You make your list, check it twice and head out to brave the cart circus that is the grocery store. Then, instead of sticking to your carefully curated list, you are seduced into buying all kinds of fresh produce — crisp greens, tender tomatoes, fragrant herbs and enough stuff to fill up your tote bags in an instant. But how are you going to eat all that wonderful produce before it spoils? Check out these 19 food storage hacks that will increase the longevity of your groceries to keep them fresher than the Prince of Bel Air.

1. Sweet Potatoes: Keep sweet potatoes in a cool, dry place. No fridge time for these sweeties, whose high sugar content will make them spoil a little faster than regular potatoes (within about 10 to 14 days). (via Always Order Dessert)

2. Fresh Herbs: From cilantro to sage, this guide to storing herbs is worth the thyme. If you find yourself with an excess, try drying a few bundles for the winter. (via Food52)

3. Frozen Herbs: Most dishes begin with oil, onion, garlic and herbs/spices. Why not save yourself a step and preserve fresh herbs with olive oil? These tasteful cubes are ready for soups, stews, roasts and sauces. (via The Kitchn)

4. Berry Sour: Oddly enough, a vinegar solution can help keep berries fresher. Better learn how to make one before those raspberries get fuzzy! (via Momables)

5. Avocados: Forget everything you ever heard about never storing avocados in the fridge, because the refrigerator nearly halts the ripening process of an avocado. You can store them in the fridge to avoid over-ripening, but pull them out or put them in a paper bag to let them finish ripening before you’re ready to eat them. (via Life Hacker, photo via The Hot Plate)

6. Stone Fruit: Peaches, nectarines and plums should be stored at room temperature, stem-end down. Avoid putting them in plastic bags like it’s your job, as over-ripening and mold will be brought on more quickly that way. (via Real Simple, photo via Tasty Trials)

7. Not-So-Cool Cucumbers: Whoops, we’ve totally been doing this wrong, too. Cucumbers should be stored on the counter, not in the fridge, where they risk accelerated decay. (via The Kitchn)

8. Asparagus: Asparagus loves being stored like cut flowers, as do scallions and lots of other herbs. So trim your veggies, fill up a vase or jar with a couple inches of water and throw them in until you’re ready to cook. (via Always Order Dessert)

9. Get to the Root: Root veggies like carrots, beets and turnips keep pushing energy into their leaves even after they’ve reached your house. Make sure to chop off the tops before storing them to keep the nutrients in the root. (via Gardenista)

10. One Bad Apple Spoils the Bunch: Yep, the old wives’ tale is true. Ethylene, as a ripening agent, produces as fruit becomes riper, until it eventually ripens all the other fruit around it. Store apples separately from other fruits. (via Mental Floss, photo via Smitten Kitchen)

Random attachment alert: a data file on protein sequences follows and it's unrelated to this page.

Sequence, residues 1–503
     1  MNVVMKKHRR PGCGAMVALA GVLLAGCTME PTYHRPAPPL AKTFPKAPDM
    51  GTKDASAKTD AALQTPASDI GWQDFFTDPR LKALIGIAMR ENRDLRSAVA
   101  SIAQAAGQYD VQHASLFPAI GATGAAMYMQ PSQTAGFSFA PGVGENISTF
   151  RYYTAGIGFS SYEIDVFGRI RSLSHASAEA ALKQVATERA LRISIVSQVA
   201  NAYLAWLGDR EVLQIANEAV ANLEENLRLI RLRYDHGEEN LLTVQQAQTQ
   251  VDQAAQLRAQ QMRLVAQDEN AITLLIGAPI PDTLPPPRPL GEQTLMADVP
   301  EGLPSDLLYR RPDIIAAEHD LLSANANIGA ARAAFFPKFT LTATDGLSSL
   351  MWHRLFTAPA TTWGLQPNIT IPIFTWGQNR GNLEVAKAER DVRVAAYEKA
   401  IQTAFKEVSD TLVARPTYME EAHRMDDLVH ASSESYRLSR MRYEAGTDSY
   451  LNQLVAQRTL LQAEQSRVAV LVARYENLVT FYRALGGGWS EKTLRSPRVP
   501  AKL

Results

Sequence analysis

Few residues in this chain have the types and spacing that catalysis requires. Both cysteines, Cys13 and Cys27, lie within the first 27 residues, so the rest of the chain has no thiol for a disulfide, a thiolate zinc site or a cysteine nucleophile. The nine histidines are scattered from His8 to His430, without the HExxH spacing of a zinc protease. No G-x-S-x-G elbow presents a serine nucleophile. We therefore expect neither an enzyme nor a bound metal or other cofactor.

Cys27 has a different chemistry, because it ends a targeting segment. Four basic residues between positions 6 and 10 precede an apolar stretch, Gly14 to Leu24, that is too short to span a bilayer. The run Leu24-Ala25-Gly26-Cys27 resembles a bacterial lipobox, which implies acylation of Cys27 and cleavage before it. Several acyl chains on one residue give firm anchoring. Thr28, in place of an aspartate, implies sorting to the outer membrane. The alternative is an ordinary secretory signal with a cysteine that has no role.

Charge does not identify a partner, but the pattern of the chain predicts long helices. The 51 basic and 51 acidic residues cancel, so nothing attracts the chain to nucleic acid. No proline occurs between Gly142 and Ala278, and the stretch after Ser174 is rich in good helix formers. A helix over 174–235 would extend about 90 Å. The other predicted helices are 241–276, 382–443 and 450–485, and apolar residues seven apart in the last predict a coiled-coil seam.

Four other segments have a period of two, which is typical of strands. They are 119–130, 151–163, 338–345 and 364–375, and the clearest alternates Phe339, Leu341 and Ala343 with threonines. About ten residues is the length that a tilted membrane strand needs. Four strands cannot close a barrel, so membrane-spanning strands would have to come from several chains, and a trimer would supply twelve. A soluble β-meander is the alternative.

11. Cheese: Gotta keep that gouda fresh! Invest in some cheese paper so you can let your cheese breathe until you’re ready to use it. (via The Kitchn)

12. Brown Bag Mushrooms: Keep mushrooms out of the crisper and in a brown paper bag after opening the original packaging. (via Tip Busters, photo via Foodie for Two)

13. Pourable Scallions: Throw chopped green onions into a water bottle to freeze them. You’ll never be without fresh-ish green onions since they’ll last such a long time. (via A Pinch of Joy)

14. Onion Hose: It might look sort of creepy, but storing onions in pantyhose seriously extends their life. (via The Hausfrau Journal)

15. Lettuce Bag: This blogger delivers a recipe for keeping lettuce fresh and crisp by using a salad spinner, a Ziploc bag and paper towels — a cute tea towel would work too! (via Pinch My Salt)

16. Prepara Herb Savor ($29): This handy gadget will prolong the life of your herbs by submerging them slightly in water while they sit in the fridge.

17. Delicate Tomatoes: There are some foods that should never go in the fridge. Think twice about tomatoes — the fridge makes them dull and mealy. (via The Kitchn, photo via The Devil’s Food Advocate)

18. Food Friends: Apples + Potatoes = BFFs. If you store them together, the apples should keep the potatoes from sprouting. Onions and potatoes, on the other hand, should not be stored together or they will both spoil faster. (via Consumerist, photo via Domestocrat)

19. Bread Box ($128): Bring out the cute vintage bread boxes, because they really do make those loaves last longer. Whatever you do, stop storing your regular ol’ sliced bread in the fridge because it only dries it out. Gluten-free breads, on the other hand, are best kept in the freezer.

Anything going bad in your fridge? Let us know how you avoid produce and other foods spoiling too quickly in the comments below.